I make it a practice never to answer criticism--either from columns or reviews in newspapers--believing, primarily, that the work does and should speak for itself and, secondarily, that any response by the artist, no matter how justified and warranted, usually is read by someone who didn’t see the original criticism and, regardless of the circumstances, smacks appallingly of the “sour grapes” syndrome. It is usually best to leave things as they are.
However, Nancy Churnin’s column “San Diego Spotlight” in the Friday, April 14, edition of Calendar contains so many misconceptions and misleading inferences that it would be irresponsible to the patrons of the Old Globe Theatre not to attempt to clarify a few issues.
The leading paragraph states that the Globe “came tantalizingly close to presenting two Pulitzer Prize winners in its upcoming summer season.” Since the first play Miss Churnin mentions, “Driving Miss Daisy,” is, in fact, scheduled to be presented starting June 29, with Globe Associate Assistant Sada Thompson in the leading role, that tantalizing possibility does not seem to have been missed at all.
The second production Miss Churnin mentions is August Wilson’s stunning drama “The Piano Lesson,” which did not win the Pulitzer Prize this year and, in fact, occupies the Globe stage next. “The Heidi Chronicles,” which did take this year’s prize, is in negotiations at this moment for inclusion in the next season, so the Globe couldn’t be more timely if it tried.
Miss Churnin continues her article by pointing out that San Diego has sent “its share of shows to Broadway in the last five years, but has yet to produce a single Pulitzer winner.” I don’t believe the Globe, or the Seattle Repertory Theatre, or any major resident theater in the country, creates its work for the Pulitzer committee, nor thinks any prize at all the end product of the work itself.
The resident network of theaters that span this country are primarily interested in two things, so far as I understand the movement: reaching and satisfying the needs of their respective communities and, in doing so, nurturing the theater arts as we know them: acting, writing, direction, design, etc. When we look to Tonys and Pulitzer Prizes to justify the work of our theaters, we have become little better than institutional donkeys, following carrots at the end of a journalistic stick.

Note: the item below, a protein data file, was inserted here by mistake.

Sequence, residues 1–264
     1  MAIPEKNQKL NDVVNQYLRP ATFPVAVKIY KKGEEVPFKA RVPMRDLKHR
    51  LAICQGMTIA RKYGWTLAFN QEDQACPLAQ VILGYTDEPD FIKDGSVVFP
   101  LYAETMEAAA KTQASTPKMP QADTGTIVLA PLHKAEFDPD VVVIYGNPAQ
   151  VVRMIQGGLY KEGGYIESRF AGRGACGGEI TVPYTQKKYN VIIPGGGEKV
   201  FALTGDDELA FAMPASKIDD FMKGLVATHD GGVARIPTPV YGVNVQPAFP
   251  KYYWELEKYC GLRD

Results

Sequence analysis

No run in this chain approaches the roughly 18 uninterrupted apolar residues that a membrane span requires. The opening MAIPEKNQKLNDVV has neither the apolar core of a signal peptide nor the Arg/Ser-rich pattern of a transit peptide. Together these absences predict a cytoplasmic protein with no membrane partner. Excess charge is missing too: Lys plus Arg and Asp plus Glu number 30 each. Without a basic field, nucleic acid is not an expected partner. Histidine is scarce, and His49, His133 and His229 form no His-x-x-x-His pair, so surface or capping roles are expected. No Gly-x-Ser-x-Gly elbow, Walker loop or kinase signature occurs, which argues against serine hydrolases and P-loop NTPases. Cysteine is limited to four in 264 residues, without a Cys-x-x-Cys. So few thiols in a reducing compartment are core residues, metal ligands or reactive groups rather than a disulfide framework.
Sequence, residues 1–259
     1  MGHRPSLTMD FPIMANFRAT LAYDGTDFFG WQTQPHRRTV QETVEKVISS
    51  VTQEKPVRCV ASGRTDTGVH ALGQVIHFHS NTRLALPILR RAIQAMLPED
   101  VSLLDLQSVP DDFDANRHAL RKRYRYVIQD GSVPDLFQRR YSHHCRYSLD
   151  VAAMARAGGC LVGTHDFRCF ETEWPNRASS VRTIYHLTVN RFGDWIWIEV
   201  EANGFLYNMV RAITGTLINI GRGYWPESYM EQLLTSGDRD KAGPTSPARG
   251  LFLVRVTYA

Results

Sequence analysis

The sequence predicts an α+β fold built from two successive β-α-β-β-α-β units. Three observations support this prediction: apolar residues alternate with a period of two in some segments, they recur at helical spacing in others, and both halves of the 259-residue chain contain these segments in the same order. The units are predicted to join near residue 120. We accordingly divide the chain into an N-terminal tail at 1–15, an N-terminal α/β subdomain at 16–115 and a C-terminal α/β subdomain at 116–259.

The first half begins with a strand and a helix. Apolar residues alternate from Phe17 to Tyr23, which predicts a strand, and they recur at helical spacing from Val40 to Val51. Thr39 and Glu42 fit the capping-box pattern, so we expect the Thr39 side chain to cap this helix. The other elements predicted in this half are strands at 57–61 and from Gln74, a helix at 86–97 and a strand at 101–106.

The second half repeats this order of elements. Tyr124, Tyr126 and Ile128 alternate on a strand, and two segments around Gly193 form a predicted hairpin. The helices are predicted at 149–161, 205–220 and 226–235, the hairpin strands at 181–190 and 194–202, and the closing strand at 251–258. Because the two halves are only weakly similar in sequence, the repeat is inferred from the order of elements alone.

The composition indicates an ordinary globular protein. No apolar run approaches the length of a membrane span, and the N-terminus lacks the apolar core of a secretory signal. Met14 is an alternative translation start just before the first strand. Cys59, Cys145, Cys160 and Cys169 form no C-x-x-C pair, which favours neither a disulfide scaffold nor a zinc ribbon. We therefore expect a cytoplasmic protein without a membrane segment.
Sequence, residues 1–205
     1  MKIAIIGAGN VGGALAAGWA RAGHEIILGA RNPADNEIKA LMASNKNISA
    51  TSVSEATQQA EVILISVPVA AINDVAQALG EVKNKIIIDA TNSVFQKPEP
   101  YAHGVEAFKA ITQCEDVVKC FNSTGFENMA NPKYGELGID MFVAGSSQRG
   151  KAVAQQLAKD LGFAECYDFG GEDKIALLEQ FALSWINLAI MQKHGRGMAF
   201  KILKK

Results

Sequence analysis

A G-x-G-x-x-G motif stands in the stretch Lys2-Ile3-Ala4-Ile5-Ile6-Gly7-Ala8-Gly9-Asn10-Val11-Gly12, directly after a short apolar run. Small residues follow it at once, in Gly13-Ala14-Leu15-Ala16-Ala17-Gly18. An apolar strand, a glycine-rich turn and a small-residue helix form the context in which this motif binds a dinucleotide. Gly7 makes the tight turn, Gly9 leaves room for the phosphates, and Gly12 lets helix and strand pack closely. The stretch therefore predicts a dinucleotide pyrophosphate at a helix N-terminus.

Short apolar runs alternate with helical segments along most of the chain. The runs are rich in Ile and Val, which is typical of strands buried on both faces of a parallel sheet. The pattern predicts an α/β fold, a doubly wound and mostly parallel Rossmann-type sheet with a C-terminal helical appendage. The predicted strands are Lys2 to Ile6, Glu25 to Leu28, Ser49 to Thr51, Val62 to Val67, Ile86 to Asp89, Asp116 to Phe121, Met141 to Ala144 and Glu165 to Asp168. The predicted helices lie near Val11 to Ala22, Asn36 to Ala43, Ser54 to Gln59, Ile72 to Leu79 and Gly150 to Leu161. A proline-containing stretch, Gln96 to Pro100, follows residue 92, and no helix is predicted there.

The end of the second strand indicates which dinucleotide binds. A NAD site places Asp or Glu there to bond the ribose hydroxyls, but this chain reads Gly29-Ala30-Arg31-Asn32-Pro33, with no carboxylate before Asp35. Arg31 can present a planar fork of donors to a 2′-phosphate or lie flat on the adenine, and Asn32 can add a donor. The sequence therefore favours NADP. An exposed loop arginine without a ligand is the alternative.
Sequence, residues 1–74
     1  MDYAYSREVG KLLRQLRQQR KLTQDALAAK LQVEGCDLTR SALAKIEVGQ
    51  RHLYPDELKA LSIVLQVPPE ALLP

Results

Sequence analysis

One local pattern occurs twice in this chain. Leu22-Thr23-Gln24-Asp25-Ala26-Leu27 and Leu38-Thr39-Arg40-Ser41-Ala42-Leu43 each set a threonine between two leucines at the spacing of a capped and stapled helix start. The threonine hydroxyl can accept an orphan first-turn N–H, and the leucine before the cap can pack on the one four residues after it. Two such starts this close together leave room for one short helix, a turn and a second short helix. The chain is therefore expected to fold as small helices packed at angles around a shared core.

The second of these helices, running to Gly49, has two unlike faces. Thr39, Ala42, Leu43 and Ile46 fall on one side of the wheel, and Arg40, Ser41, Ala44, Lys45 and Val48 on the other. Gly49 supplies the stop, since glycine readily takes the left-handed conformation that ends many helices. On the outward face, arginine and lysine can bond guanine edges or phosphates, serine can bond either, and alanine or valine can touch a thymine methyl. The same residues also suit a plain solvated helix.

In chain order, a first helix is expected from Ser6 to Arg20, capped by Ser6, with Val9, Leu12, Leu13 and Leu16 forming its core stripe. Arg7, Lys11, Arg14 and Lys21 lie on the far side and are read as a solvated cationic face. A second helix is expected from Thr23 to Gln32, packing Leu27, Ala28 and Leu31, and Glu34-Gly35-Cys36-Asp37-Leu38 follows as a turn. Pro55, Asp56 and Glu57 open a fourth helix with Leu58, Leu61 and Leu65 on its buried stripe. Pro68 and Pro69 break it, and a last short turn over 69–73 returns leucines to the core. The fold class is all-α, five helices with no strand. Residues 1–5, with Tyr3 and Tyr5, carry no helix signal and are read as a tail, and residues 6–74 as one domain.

The Seattle Repertory Theatre, which Miss Churnin justifiably celebrates for its creative programming and its adventurous workshop, has spawned over the past few years not only “The Heidi Chronicles” but the Tony-winning “I’m Not Rappaport.” Such a record of success and creative excitement is to be praised and desired.
Still, the (Globe’s) Play Discovery Program, which Miss Churnin states as serving four plays a year for one night (actually five to six plays are publicly offered, and many more processed in spite of the fact that only the “dark” Mondays are available to us at present), has produced Reuben Gonzalez’s successful “The Boiler Room”; “Alfred Stieglitz Loves O’Keefe”; last year’s musical by Stephen Metcalfe, “White Linen”; this summer’s “Breaking Legs,” and many others.
The Globe is deserving of both criticism and scrutiny by its audience and its critics, but a more comprehensive view of its financing and its resources might yield a clearer view of its programming. Meanwhile, a “critically panned” play like “Up in Saratoga” finishes its run with 55% of the original script having been reworked and improved, playing to extremely enthusiastic audiences, and a climate of positive general health without any notice or encouragement whatsoever.
The audiences seem to understand this process very well. But to point to a Pulitzer Prize to signal the worth of any theater institution seems as fatuous as assuming that the critical worth of any newspaper is contingent upon how many Pulitzer Prize-winning critics it can boast.
Old Globe Theatre